This year marks the 25th anniversary for Wilton podiatrist Dr. Michael Connor. Reflecting on his milestone achievement, Dr. Connor says he feels both gratitude and professional fulfillment.

“I love being a small town podiatrist. The sense of community here is very rewarding,”  Connor says. “I look forward to many more years of practice.”

A graduate of the New York College of Podiatric Medicine, Connor finds great satisfaction in helping people who are having trouble with their feet. “Feet problems become life problems,” he says. “We need our feet in order to stay active. That’s my goal:  to keep my patients active.”

Connor first began treating patients in the Wilton-Norwalk area in 1991, in an office located on Danbury Rd. across from John’s Best Pizza. By 2004, his practice had grown significantly, and it was time for more room. That’s when he relocated to his current address at 27 Danbury Rd.–the red brick building owned by Kaoud Brothers Oriental Rugs–where he remains in practice today.

The larger, 2,000 sq. ft. space has meant more comfort and convenience for his patients. In addition to three treatment rooms, a waiting room, and a receptionist area, the office is also equipped with an X-ray unit helpful for trauma cases and those who prefer to avoid the emergency room and urgent care centers.  “We always allow time in our schedule for emergency, same-day appointments,” he says.

From Heel to Toe, and More

Quite often, Connor explains, podiatry is misunderstood. When it comes to feet, podiatrists address and treat everything from orthopedic to dermatological to vascular issues.

“The range of care extends far beyond the treatment of bunions, warts and foot fungus. We do everything a medical doctor does, from X-rays to surgery to prescribing medication.”

If there is one thing Connor appreciates about being a community-based podiatrist, it’s the variety of cases he sees. His youngest patient is 3 months old, and his oldest is 104 years old. He treats high performance athletes for sports injuries such as stress fractures, heel pain and plantar fasciitis, but he also treats the same issues in weekend warriors and people completely new to exercising.  Connor sees patients for routine care as well as in times of crisis. He treats ingrown toenails, warts and athlete’s foot with the same dedication and seriousness as broken bones and diabetic foot infections.

“I love treating patients everyday,” Connor says, adding, “I feel like it’s my first day always when I come to the office.”

What he hopes people understand, however, is that when it comes to foot problems, early intervention can prevent a world of suffering down the road.

“Unfortunately, many people come to me only after they are experiencing severe discomfort,” Connor says. “Of course, I can still help them, but I would much rather see people at the first sign of trouble, before the pain escalates.”  Some early signs of foot problems include:  pain and swelling not caused by an injury, increased redness and/or warmth of the foot.

Connor dedicates much of his practice to helping patients with diabetic foot care, a growing area of focus within podiatric medicine. According to the American Diabetes Association, 1.4 million Americans are diagnosed with this disease each year.   Diabetics often experience a loss of sensation in their feet from neuropathy, a condition that can lead to severe problems. If patients with this disease are treated on a regular basis, complications can be greatly reduced.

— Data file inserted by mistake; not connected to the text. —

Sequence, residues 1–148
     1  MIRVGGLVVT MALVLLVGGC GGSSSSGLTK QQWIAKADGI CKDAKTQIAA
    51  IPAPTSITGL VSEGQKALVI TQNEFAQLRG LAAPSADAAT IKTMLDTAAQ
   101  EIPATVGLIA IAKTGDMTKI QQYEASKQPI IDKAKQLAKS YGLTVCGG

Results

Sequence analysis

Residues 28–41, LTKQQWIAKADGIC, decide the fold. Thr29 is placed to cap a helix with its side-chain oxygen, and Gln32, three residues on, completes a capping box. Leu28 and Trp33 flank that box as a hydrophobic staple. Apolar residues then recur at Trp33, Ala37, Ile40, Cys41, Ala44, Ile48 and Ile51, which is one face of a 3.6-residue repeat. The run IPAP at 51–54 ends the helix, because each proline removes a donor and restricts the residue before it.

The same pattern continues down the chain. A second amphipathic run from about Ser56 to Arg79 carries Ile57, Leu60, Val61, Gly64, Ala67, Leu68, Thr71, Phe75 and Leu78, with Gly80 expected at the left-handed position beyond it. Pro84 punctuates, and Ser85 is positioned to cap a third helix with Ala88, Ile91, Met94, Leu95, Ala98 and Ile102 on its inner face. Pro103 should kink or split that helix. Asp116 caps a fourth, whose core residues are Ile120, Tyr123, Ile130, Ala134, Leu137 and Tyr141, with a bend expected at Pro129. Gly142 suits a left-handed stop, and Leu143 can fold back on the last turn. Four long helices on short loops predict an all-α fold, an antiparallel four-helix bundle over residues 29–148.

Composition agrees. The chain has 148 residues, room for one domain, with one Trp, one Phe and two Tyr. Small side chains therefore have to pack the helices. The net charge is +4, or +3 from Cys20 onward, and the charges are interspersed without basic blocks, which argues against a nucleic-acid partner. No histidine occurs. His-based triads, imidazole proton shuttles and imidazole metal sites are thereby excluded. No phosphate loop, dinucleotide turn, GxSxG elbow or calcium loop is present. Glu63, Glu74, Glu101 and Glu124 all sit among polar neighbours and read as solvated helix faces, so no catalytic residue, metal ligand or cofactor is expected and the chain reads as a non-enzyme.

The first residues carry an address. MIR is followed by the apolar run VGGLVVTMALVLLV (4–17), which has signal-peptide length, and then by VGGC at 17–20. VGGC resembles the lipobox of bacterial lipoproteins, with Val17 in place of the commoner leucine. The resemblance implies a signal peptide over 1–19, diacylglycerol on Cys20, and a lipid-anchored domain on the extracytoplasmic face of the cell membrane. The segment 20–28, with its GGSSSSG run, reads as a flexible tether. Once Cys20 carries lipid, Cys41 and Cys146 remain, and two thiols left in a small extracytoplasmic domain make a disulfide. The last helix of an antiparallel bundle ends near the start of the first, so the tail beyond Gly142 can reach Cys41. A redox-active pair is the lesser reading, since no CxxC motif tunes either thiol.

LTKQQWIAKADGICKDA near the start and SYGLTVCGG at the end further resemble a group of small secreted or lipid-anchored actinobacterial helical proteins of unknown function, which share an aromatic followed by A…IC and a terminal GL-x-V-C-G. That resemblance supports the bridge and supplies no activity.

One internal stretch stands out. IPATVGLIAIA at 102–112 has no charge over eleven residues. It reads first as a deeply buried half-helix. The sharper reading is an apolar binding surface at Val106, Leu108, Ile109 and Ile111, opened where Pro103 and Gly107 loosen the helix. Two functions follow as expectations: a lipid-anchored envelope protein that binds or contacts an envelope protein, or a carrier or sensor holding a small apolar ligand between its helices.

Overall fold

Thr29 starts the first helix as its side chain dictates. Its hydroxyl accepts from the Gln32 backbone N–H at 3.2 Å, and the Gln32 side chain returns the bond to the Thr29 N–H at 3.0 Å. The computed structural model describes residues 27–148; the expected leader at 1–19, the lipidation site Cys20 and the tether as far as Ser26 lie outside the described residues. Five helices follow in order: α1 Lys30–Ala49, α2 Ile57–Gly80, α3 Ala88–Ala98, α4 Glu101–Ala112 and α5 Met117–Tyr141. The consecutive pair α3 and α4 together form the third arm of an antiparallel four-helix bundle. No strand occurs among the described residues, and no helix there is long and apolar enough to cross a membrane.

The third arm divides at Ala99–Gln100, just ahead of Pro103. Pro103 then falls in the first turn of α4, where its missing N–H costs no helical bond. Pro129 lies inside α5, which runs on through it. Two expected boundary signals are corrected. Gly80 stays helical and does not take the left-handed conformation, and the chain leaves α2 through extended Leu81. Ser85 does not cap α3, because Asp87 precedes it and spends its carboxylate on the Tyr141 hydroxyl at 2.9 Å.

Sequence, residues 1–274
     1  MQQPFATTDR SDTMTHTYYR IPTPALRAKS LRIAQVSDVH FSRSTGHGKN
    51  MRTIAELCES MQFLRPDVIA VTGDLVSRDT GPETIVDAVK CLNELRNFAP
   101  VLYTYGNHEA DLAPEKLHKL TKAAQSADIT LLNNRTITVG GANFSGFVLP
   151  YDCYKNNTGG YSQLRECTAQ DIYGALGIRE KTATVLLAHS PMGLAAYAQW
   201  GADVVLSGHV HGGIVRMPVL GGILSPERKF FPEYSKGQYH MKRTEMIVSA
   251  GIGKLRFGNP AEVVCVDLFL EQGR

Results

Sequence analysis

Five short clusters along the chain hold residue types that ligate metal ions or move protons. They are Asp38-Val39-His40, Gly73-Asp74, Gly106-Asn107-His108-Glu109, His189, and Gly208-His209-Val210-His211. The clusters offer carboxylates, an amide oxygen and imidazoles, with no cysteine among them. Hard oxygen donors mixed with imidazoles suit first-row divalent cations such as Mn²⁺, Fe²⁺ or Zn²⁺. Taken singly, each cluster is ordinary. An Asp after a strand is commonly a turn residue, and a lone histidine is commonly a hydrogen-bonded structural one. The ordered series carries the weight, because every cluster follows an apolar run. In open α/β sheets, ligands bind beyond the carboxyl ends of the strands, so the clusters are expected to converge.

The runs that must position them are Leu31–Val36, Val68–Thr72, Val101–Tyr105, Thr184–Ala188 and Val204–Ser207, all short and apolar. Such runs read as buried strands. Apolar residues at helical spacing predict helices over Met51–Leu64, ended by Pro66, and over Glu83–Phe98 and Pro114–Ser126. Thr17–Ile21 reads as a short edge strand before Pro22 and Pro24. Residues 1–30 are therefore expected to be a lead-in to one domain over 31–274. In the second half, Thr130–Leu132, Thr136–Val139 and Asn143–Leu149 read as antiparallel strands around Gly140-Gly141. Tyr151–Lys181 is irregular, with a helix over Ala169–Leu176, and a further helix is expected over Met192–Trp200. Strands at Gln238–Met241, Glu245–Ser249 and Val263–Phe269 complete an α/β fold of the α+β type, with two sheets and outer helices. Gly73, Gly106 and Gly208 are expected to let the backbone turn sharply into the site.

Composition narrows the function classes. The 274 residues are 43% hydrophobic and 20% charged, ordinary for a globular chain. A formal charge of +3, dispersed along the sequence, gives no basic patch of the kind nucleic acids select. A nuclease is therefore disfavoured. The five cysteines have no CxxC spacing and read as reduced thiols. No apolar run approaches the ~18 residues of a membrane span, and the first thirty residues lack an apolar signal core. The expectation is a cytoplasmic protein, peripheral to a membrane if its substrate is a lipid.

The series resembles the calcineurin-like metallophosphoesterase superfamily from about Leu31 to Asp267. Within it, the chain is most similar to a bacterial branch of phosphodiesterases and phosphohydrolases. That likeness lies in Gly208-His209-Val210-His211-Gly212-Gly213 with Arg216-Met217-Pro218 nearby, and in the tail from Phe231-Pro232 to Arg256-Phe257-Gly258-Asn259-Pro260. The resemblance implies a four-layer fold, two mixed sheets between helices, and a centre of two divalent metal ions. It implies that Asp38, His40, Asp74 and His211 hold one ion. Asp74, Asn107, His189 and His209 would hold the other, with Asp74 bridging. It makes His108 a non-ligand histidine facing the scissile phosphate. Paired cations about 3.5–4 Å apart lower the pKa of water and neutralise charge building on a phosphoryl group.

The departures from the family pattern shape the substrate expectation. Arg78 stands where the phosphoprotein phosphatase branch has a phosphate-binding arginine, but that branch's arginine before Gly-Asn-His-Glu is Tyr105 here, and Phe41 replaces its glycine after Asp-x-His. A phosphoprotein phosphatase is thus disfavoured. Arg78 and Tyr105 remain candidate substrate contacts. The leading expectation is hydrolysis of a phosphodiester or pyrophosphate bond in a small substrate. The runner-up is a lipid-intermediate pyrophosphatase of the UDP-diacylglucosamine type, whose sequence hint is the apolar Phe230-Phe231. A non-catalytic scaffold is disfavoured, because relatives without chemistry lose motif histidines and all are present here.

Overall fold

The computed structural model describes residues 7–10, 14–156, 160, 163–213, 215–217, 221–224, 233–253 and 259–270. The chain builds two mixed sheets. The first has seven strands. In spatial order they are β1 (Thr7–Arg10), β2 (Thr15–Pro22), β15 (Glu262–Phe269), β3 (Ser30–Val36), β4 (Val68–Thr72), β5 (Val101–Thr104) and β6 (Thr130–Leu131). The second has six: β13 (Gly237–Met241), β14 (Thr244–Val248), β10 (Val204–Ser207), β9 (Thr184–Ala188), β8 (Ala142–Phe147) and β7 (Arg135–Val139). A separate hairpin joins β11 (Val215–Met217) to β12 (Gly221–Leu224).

It’s Always Been About the Feet

Connor’s appreciation for healthy feet developed early, thanks to how he used his own. As a young boy growing up on Long Island, he–like most of his eight brothers and sisters–played soccer competitively.

“Soccer is all about footwork,” he says. “Soccer players think about their feet a lot–just like runners and dancers and most athletes.”

During summers through high school and college, he also used his feet to earn money. “We used to tread water while using our feet to feel for the clams in the mud.  Then we’d go down and pick them up–about 1,000 times each day! It was great.”

It wasn’t until college, though, that Connor began considering a career as a podiatrist, thanks to an accidental foot spike by one of his teammates. The injury landed him in the office of a beloved community podiatrist who ultimately made a very favorable impression.  “All of this podiatrist’s patients felt very well-cared-for. It was just so obvious,” he recalls. “I thought that was really great, how he made such a positive difference for his patients.”

Connor went on to receive a bachelor’s degree in physical therapy from the University of Buffalo, and after a stint as a licensed physical therapist at a local hospital, he enrolled at the New York College of Podiatric Medicine, where he received a Doctorate of Podiatric Medicine. He then went on to complete a one-year residency in podiatric orthopedics at the New York College of Podiatric Medicine and Coney Island Hospital in Brooklyn.

Connor still thinks about that podiatrist who years ago influenced his future.  “I feel fortunate to have followed in his footsteps,” he says with a smile.

In the 25 years since then, he has served as president, vice president, treasurer and secretary of the Fairfield County Podiatric Medical Association. He is Board Certified in foot surgery and is on staff at Norwalk Hospital where he performs surgery.